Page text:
Health insurance premium increases invalidated under Open Meetings Act
An Alabama circuit judge has ruled that the state board governing education employees' health insurance violated the Open Meetings Act when it met in private before voting to jack up rates.
How far-reaching the ruling will be depends on whether it is appealed and upheld, said Dennis Bailey, longtime attorney for the Alabama Press Association.
On April 27, 2016, the Public Education Employees Heath Insurance Board met all day and voted 7-6 to raise rates substantially on participants in the plan, known as PEEHIP. The Alabama Education Association sued saying that the board violated the Open Meetings Act by meeting in closed session to discuss the increases prior to the vote.
The PEEHIP board met at 9:30 a.m. that morning to hear a staff presentation about the plan's financial status and recommended premium increases. AEA representatives asked to attend that session but were denied.
At 1 p.m., the board met in a previously announced open session and approved the increases.
Montgomery County Circuit Judge Johnny Hardwick ruled that the PEEHIP board's vote was invalidated because its members clearly deliberated on the matter during the morning session. He ordered that premium increases held in escrow be returned to the employees.
Hardwick noted that an employee seeking family coverage for a spouse and children would have had to pay an additional $960 a year.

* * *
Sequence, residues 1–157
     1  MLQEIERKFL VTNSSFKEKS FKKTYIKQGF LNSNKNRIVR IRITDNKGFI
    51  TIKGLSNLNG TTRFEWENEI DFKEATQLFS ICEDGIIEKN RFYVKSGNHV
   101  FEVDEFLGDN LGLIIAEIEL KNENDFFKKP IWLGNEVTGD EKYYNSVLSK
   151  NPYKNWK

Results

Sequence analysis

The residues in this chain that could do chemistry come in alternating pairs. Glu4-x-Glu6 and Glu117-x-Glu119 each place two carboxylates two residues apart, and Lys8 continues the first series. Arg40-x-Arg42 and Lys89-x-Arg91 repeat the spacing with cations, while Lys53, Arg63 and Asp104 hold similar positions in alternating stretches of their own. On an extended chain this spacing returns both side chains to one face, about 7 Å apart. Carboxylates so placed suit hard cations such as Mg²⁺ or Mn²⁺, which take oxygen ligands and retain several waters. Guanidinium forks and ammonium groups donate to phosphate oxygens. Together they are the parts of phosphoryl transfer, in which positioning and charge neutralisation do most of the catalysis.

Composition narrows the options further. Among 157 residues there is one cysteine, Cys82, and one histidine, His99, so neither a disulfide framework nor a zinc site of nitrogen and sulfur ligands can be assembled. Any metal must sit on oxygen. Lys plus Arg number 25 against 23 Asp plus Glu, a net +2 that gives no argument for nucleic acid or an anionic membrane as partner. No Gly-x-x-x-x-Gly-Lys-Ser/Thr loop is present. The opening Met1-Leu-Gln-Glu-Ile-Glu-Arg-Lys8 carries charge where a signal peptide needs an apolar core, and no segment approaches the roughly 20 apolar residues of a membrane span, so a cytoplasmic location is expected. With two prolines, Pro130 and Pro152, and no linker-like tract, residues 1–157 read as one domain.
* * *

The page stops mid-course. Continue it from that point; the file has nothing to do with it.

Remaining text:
The PEEHIP board contended that the morning session constituted a separate meeting and was a "training session." Under Alabama's law, a quorum of a public body may gather for association meetings; conventions; meetings with local, state and federal officials; training programs and the like.
Hardwick said the PEEHIP board had one topic to consider that day and that it held one, all-day meeting rather than two separate meetings. At the morning meeting it heard recommendations for action and did not participate in training.
"The significance of the decision is going to be dependent on whether it's reviewed by the appellate courts," Bailey said. "Once they make a decision, that binds all the circuit courts."
The PEEHIP board has indicated it will appeal the decision.
Bailey said government bodies need constant training on the Open Meetings Act to remind them about how it works.
The Alabama Education Association is among the most powerful political entities in the state, with the finances to challenge an action by a board such as PEEHIP. Not all government watchdogs, such as smaller news media and citizens groups, can afford to do so.
"I think it's fair to say that the cost of enforcing the Open Meetings Act is a deterrent to small organizations who don't have large budgets to spend in this fashion," Bailey said. "Some public officials have noted and taken advantage of that."
"It is all the more important that the circuit judges of this state are going to be the first line of defense for transparency in Alabama. When they do act, like this judge in Montgomery did, that is a way to get the attention of those in power.
"You may play with fire, but you may get burned."
Jane Nicholes is a freelance writer and editor based in Daphne, Ala. Reach her at firstname.lastname@example.org.
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